We’re gonna need better schools and we need them soon. We need more jobs, we need better wages, a lot better wages. We’re gonna work very hard on the inner city…We need safer communities and we’re going to do that with law enforcement. We’re gonna make it safe. We’re gonna make it much better than it is right now. Right now it’s terrible…
Trump offers unclear solutions to ambiguous problems, with the added assumption of the “terrible” nature of these communities now. His vague words demonstrate little familiarity with issues faced by those he claims to address and he proposes no concrete solutions, undermining his ethos as an interested, informed, or expert speaker on the subject.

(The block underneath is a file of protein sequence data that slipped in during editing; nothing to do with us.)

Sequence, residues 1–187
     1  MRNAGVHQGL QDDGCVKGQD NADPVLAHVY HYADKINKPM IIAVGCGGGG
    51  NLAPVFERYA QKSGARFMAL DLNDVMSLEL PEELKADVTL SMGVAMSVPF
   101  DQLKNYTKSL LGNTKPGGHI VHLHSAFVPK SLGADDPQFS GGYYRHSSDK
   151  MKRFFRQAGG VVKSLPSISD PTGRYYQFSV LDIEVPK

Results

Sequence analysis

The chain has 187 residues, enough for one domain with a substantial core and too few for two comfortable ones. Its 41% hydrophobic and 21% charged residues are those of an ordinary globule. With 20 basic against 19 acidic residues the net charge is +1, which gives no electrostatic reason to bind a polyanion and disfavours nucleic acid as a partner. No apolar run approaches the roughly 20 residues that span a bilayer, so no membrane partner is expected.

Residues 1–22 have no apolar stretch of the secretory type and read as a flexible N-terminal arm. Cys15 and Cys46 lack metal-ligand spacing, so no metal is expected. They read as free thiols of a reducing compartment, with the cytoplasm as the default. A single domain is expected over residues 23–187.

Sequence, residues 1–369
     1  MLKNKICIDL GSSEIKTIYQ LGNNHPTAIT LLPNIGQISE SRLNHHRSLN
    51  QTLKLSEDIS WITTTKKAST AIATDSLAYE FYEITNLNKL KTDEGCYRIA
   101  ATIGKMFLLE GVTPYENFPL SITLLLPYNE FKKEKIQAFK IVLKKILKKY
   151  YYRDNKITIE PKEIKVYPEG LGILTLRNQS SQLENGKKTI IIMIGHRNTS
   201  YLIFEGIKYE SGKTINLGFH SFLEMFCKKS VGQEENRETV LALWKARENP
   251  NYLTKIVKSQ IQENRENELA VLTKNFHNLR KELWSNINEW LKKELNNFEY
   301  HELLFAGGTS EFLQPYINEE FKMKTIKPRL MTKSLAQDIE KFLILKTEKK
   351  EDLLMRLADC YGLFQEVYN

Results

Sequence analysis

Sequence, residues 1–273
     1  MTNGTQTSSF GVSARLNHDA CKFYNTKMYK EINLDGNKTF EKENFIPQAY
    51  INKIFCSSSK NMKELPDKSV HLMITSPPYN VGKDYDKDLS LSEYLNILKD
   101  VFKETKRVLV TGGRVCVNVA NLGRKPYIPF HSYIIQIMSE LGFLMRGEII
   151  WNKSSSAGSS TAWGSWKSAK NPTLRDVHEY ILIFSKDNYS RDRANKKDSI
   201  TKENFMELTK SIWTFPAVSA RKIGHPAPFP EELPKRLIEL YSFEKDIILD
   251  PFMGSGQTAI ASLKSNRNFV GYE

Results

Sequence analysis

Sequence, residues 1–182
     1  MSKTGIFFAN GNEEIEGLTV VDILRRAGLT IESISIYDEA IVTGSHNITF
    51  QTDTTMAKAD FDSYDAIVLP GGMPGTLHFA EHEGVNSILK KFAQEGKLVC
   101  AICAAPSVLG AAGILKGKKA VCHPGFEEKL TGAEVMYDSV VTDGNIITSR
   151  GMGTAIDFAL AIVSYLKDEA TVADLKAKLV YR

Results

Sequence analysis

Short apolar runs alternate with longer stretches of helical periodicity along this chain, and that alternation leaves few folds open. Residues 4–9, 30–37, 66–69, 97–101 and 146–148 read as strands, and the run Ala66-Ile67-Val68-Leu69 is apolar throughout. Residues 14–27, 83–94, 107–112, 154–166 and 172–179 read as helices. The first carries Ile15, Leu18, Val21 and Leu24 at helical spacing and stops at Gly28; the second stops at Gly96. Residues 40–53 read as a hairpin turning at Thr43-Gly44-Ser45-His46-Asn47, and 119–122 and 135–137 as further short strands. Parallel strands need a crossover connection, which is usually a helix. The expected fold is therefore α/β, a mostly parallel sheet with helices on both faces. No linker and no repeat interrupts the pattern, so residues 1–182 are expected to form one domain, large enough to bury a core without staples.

Obama refers to specific issues in black communities, articulating his familiarity with obstacles faced by some members of his audience, and building his ethos as a speaker. Rather than simplified judgments, Obama describes “the lack of basic services in so many urban black neighborhoods — parks for kids to play in, police walking the beat, regular garbage pickup, building code enforcement,” concrete challenges that establish his informed view. Calling upon an audience that explicitly invokes people of all races, he confirms that racial injustices “are real and must be addressed, not just with words, but with deeds, by investing in our schools and our communities; by enforcing our civil rights laws and ensuring fairness in our criminal justice system.”